The intangible, the immeasurable, the unfathomable grandeur of the universe, celestial bodies moving through a cosmos so far removed from earthly existence: for millennia, man has looked upward in wonder, searching for inspiration and meaning. It was Pythagoras who figured out that the movements of sun, moon and planets each produce their own tones in celestial harmonies. And later, in the Renaissance, Johannes Kepler linked the perfect geometry of the heavenly bodies to the most ingenious polyphony of his time. For him, this was also the ultimate reaching out to God, who created the relationship between geometry, astronomy and music in all perfection.
Harmony of the Spheres features musical gems of the Renaissance that emulate these celestial ideals. The music, by Josquin des Prez, Lambert de Salve, Jan Pietersz. Sweelinck and Orlando di Lasso, is combined with sounds of modern times in works by Giuliano Bracci, Wouter Snoei and Seung-Won Oh, who in turn were also inspired by the celestial spheres and their mysterious perfection. The warm sound of the trombone and the pure sound of human voices will fill the halls from all sides in a heavenly concert to dream away at.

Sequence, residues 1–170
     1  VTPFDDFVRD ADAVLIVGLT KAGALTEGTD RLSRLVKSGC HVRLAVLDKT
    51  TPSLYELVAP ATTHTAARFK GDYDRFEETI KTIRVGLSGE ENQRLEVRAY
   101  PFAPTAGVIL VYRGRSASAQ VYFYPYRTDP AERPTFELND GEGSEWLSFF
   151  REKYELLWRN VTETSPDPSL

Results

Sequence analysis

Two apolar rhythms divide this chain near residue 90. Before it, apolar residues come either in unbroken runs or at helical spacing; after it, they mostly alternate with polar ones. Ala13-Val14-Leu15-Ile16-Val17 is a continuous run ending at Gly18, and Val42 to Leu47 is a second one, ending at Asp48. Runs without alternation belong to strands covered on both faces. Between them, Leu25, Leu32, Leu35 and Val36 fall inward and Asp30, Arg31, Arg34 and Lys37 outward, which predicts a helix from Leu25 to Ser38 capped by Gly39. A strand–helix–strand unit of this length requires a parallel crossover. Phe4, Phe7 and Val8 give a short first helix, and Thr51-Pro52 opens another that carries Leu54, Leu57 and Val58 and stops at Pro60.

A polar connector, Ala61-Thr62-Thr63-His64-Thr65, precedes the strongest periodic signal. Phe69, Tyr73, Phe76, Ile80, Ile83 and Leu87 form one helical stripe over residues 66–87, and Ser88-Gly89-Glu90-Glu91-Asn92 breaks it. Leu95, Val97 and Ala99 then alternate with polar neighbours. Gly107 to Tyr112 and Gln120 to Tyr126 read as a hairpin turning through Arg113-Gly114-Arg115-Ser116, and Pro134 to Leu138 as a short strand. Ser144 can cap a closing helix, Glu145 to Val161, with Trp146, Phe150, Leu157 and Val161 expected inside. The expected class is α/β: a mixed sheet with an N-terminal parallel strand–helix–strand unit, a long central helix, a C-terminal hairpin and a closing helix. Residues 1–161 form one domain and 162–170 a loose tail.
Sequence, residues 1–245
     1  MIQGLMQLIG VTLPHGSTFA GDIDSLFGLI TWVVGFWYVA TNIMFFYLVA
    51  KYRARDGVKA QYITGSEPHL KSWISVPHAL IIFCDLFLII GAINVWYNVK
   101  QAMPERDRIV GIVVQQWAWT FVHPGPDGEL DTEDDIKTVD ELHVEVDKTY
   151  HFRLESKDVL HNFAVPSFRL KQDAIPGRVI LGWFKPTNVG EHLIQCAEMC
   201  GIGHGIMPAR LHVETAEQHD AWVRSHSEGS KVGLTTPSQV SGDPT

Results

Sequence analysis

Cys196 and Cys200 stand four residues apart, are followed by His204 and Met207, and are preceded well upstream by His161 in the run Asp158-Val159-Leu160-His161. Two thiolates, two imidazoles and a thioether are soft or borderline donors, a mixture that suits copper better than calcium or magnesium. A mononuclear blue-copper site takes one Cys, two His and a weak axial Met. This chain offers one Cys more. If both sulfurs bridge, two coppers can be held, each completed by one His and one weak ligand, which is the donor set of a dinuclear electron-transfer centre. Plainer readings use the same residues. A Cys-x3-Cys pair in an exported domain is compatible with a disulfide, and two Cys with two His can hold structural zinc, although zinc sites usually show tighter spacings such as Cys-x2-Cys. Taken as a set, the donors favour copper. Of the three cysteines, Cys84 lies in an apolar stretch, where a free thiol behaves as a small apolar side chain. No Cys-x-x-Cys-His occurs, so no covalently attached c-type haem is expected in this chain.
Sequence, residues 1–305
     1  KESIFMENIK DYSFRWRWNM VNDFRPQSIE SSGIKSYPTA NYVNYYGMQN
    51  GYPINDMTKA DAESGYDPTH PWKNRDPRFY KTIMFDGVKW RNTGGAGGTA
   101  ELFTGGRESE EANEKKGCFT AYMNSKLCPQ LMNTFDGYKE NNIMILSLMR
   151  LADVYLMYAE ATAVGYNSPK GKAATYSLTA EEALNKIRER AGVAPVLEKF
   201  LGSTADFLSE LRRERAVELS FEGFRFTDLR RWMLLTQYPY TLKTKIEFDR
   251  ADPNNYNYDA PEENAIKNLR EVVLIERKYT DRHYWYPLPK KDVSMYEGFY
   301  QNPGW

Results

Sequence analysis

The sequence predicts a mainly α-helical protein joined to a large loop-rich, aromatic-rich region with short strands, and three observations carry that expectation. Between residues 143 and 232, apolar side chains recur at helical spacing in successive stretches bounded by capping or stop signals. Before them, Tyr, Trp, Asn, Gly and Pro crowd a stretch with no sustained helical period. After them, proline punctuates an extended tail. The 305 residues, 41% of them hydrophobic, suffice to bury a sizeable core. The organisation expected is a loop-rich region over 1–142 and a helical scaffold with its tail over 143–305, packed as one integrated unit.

'This program is not about complicated musical ideas or styles; it is an intuitive experience that is of all times. When you look at the stars you often realise how small and insignificant we are here on earth.'
- Sebastiaan Kemner
A voice said, Look me in the stars
And tell me truly, men of earth,
If all the soul-and-body scars
Were not too much to pay for birth.
- Robert Frost